These hair grafts are then implanted into recipient sites in the balding area. Micro-grafts are inserted into tiny punctures in the skin and mini-grafts into extremely small (0.5 mm to 2 mm) openings. This achieves a more natural appearance. This is a big improvement over previous techniques where transplants were inserted into holes in the scalp. This often resulted in an abnormal, compressed hair.
prepared with the trephine just prior to the plugs from the
back of the head being position to complete the transplant.
Recipient sites are made in several ways. Some physicians use punch holes, some linear slits, and others use a "slot" method that creates a narrow elongated oval incision. As techniques develop, we may expect that in time a standardized method will emerge. The goal of all the various procedures is to obtain a more dense, natural appearance for the patient which allows the hair to grow in its natural manner.
This picture shows how single incisions are made with a scalpel to take a single hair or two at a time.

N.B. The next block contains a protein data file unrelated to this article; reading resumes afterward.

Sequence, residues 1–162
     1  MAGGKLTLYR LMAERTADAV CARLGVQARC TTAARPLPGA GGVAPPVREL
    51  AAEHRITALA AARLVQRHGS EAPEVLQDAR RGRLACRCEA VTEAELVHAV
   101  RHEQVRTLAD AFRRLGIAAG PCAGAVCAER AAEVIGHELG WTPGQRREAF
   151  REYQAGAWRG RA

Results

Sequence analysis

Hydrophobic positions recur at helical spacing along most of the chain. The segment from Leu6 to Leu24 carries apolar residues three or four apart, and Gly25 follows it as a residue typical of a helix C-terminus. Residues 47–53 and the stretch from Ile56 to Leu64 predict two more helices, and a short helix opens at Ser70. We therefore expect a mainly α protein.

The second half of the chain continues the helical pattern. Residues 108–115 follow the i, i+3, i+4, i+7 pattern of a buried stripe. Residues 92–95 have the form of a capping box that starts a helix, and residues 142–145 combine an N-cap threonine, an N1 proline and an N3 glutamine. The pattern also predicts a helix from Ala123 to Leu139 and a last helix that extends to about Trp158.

The cosmetic effect of the placement of the grafts, the insertion angles, and the combinations of grafts are dependent of the skill and the "artistry" of the transplant surgeon. The shape of the patient's face and predictions of areas of future hair loss must be planned carefully for optimal cosmetic results.
Most patients normally used to need three treatments to achieve an acceptable head of hair. However nowadays the number of sessions could vary from one to six depending on how much work is involved, particularly since micro grafting techniques mean that one treatment can be suitable and involve very little discomfort and inconvenience.
Does It Hurt ?
Yes is the simple answer - The amount of pain varies between patients. A lot of people say that it is like a visit to the dentist, however as with dentists there are good surgeons and bad surgeons.
Probably the most painful part of the procedure is during the injection of the anesthetic when a large number of injection are made to the donor area. Often the patient is given a mild sedative to relax them before any treatment is carried out. It is normal in some cases to spray the area with a freeze spray to reduce the pain of the injections.
About fifty percent of customers will probably experience swelling on the forehead and face after a transplant. This can be treated with an ice pack but in some cases is extremely noticeable and a return to work usually needs to be ruled out.
Patients have commented that their skull felt like a lump of wood for weeks afterwards. They were aware of something having been done to their scalp but were not in any pain. The effects always seemed to wear off.